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The piano man’s Grand Tour Jools Holland’s greatest architectural hits – from 14th-century Nuremberg to the 18th-century Gothic Revival. By Louise Flind

Blog | By Louise Flind | Sep 28, 2023


Anything you can’t leave home without?

I’m a very keen tourist, and I used to take John Michell’s Sacred England and the National Trust Handbook.

Is there something you really miss?

Quite a lot of musicians take their own pillow. Noel Gallagher takes his pillow and if the pillow in the hotel is more comfortable, he swaps it.

What is your favourite destination?

The late-medieval world in Flanders and Germany.

What are your childhood holiday memories?

My father took me to Paris when I was 14. I had long, black, oily hair and I’d had it turned into an embarrassing mullety bouffant. He took me to this little jazz club, and there was a noted American jazz pianist playing. I had a play, and my father said, ‘Do you think he’s any good?’ This old pianist said, ‘He’s not going to do anything else.’

Do you come from a musical family?

Both my grandmothers played the piano and probably the first thing I heard was my mother playing Careless Love Blues when I was about four.

At what age did you first sit at a piano?

When I was about eight, I heard my uncle playing the boogie-woogie.

Did you teach yourself the piano?

Essentially, yes. I became obsessed with trying to figure out the boogie-woogie.

Did you do any music at school?

I was the only person who picked music, and the elderly teacher liked only classical music. He showed me the theory of music. So I could read chords.

What was your first big break with Squeeze?

We’d start playing in a pub and the landlord would give us money. That turned into a group who were signed with a label, toured in America – the things you dreamed of. We got a gold record and Gilson Lavis, the drummer,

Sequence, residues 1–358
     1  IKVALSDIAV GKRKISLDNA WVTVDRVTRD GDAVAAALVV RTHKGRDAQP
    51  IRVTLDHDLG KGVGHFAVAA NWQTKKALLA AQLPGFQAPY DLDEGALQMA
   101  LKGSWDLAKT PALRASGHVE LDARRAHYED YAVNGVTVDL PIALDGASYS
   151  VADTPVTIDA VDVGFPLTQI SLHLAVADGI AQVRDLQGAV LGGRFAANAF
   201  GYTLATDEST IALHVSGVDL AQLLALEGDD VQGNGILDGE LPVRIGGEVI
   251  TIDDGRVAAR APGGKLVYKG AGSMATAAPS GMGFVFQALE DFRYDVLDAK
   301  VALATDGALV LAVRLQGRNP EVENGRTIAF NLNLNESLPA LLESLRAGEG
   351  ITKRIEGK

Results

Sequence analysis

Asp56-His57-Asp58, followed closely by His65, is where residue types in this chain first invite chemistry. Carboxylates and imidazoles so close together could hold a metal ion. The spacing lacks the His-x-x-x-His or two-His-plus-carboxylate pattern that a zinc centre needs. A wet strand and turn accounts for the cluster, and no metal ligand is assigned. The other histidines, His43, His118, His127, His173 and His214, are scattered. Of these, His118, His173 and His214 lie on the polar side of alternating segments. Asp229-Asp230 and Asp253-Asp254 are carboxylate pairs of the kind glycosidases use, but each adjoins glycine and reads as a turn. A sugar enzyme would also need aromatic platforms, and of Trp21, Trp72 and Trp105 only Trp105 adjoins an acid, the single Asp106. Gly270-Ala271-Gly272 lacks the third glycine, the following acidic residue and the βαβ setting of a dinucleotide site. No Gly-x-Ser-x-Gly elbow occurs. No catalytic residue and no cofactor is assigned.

said, ‘Great. I can put it over the damp patch in my sitting room.’

How did you join Squeeze?

There was an ad in a paper-shop window.

Are the Squeeze songs very much about the background of the band? I think all great music is an expression of what the person is.

Do you prefer performing live to television?

You get a confidence on stage and knowledge of how to engage with an audience, and that gives you the confidence to do the stuff on television.

Do you prefer performing solo to playing in a band? The most effective thing is with a big band, but, equally, if it’s just me, the piano and Ruby Turner, that’s really great too.

What’s the secret of your TV show Later... with Jools Holland that’s run since 1992? It’s unbelievable. The show is a mix of things with the great legends of music, people on their way up and contemporary stars. If we’re lucky, we’ll get a million viewers watching and afterwards millions more on YouTube.

Do you have intensive rehearsals before your show? I’ve never done that in my life.

How do you look after yourself on tour?

I’m very nosy, and I like walking around

at twilight when people have their lights on. In Europe, I always have a bicycle.

What is the most exotic place you’ve ever played in? We played in the Dubai Jazz Festival and there was a sandstorm – if you opened your mouth, it was filled with sand...

And the least exotic?

Early on, Squeeze played the Hope & Anchor in Islington and there were three people and a dog watching, and one by one the people left and then the dog left.

What’s your favourite building and your favourite architectural style? The 18th-century Gothic Revival anywhere in Europe, and Nuremberg – the high-Gothic, late-14th-century

stuff there.

Who would be your dream person to play with? Betty Smith and Bach doing the string arrangements, John Lennon playing rhythm guitar and T-Bone Walker playing lead.

What’s your favourite food?

When I was small, Nan’s roast dinner. And in very grand hotels or houses, you get something similar.

Do you speak any languages?

No – it’s my biggest regret.

The strangest place you’ve ever slept?

In Leverkusen, we couldn’t get into a hotel. We stayed in a centre for Hare Krishna people and all the seats were orange. I slept very well.

Do you like coming home?

Always – the same way I’m delighted to get out of church...

Do you have any travelling tips?

If a car doesn’t have a spare wheel, don’t buy it.

Jools Holland is on tour in August, November and December. Joolsholland.com